A Fine Day For The Race

“My uncle thinks he’s a chicken.”

“Have you taken him to a doctor?”

“No, we need the eggs.”

Hot on the heels of Caitlyn nee Bruce Jenner’s cover story on Vanity Fair comes the puzzling tale of Rachel Dolezal, a genetically white human being who identified so strongly with the African-American community that she successfully passed herself off as black.

Dolezal 3

That she was accepted at face value[1] speaks volumes about the topic of race in this country.

That she was so quickly accepted as black reminds one of the scene in The Untouchables where Sean Connery accepts Kevin Costner’s claim to be a prohibition agent: “Who would claim to be that who was not?”

Being a prohibition agent in the 1920s Chicago -- just like being African-American in early 21st century America -- is perceived as such a negative thing that we accept it based on the belief there’s no apparent benefit in claiming such status if you aren’t.

We should be grateful that Ms Dolezal has provided us with such a ridiculous and blessedly harmless way of examining the issue of race in America: Thank God there are no dead or brutalized children in this story.

America has never sat easy with its history of racism; indeed, pretending that racism doesn’t exist is our most favored ploy.

From the days of slavery and the slaughter of Native Americans, it has always been an option to flat out deny the obvious.

We are not racists: They are a bunch of child-like monkeys who must be gently and patiently herded into becoming good Christian people.

We are not racists: They are a murderous breed of savages who cannot live in the civilized (read: white) world and are vanishing accordingly.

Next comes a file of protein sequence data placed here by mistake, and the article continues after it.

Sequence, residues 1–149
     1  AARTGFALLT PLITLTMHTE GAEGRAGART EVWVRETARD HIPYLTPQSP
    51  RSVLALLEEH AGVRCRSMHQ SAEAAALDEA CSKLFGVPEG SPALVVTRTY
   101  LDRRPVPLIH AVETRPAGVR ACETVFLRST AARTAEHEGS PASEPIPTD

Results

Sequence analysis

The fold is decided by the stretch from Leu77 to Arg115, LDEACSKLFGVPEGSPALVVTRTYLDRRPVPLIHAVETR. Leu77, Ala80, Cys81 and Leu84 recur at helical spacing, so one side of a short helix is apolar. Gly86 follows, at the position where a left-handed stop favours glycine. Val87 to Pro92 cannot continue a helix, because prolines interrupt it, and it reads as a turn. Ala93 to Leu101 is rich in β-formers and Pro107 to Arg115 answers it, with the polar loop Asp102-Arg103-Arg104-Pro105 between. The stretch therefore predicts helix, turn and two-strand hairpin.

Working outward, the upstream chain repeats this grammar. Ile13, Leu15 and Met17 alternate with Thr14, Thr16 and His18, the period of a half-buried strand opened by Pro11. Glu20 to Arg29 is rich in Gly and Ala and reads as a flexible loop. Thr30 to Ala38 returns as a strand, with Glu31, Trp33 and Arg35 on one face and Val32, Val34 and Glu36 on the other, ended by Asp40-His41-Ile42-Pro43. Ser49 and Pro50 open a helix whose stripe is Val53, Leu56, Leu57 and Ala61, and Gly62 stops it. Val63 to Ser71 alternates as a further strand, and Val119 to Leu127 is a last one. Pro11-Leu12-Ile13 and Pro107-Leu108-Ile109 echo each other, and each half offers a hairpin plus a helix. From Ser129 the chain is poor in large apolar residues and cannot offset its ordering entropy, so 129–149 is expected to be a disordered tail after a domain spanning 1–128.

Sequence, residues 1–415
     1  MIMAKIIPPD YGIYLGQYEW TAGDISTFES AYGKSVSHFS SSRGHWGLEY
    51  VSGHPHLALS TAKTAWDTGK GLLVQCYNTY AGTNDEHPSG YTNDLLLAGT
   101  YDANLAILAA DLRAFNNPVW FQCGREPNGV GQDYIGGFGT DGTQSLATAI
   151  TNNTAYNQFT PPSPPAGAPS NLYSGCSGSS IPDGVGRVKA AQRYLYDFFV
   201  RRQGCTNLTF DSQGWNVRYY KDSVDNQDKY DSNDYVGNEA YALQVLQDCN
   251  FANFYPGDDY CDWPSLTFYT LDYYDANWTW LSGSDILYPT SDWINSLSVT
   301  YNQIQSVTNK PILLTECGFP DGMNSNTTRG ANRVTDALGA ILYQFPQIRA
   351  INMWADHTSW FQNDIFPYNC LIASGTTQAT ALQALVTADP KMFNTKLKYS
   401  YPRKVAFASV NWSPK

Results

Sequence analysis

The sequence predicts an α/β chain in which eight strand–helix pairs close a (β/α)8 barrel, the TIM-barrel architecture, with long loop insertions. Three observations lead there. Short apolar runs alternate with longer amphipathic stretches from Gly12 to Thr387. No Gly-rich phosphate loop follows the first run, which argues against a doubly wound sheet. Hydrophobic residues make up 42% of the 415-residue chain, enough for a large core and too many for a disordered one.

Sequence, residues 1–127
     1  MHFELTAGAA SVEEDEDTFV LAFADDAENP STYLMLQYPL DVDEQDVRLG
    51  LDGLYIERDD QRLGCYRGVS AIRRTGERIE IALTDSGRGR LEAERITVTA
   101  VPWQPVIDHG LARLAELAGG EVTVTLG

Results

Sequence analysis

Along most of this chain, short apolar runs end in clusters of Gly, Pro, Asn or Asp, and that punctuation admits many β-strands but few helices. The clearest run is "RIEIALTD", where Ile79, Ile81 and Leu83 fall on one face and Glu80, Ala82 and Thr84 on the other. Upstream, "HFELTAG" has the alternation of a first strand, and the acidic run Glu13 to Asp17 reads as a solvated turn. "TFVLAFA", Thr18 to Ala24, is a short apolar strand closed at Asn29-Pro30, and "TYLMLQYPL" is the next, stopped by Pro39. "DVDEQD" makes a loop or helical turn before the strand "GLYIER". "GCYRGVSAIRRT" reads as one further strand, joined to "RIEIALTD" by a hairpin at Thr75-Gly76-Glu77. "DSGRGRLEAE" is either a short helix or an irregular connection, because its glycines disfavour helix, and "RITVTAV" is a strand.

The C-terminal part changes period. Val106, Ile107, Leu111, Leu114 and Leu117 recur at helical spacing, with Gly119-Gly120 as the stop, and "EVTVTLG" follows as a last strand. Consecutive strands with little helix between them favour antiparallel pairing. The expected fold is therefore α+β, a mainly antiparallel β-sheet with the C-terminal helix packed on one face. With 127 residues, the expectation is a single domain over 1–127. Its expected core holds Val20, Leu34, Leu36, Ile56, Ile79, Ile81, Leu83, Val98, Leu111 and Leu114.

But that’s bullshit:  We white Americans are racists insofar as our culture and our country and our history is racist.

Look at American musical theater, Broadway, the Great White Way.[2]

Look at how many of our classic musicals -- that quintessential American art form derived from blackface minstrel shows which in turn were derived from older, more honest “coon shows” -- deal in whole or in part with race?

Even Porgy And Bess and Carmen Jones are touched by racism: They can only exist as peeks into a segregated society, not one fully integrated where race plays no part.

So let’s stop pretending that race no longer matters, that it has no impact on us.

No matter if we are heading towards a post-racial future, we ain’t there yet.

We’ve still got lots of work to do.

The matter is important to me because I have skin and blood in the game.

part 2 / part 3 / part 4 / part 5 / part 6 / part 7 / part 8 / part 9




[1/1]  Man, the jokes are just going to write themselves. Bear with me, folks.

[1/2]  Okay, that's a reference to the lights.

[1/3]  I could even make an argument for A Funny Thing Happened On The Way To The Forum alluding to race since it is a play about a slave seeking freedom, and slavery and race and inextricably tangled in American history.

Just An All American Family

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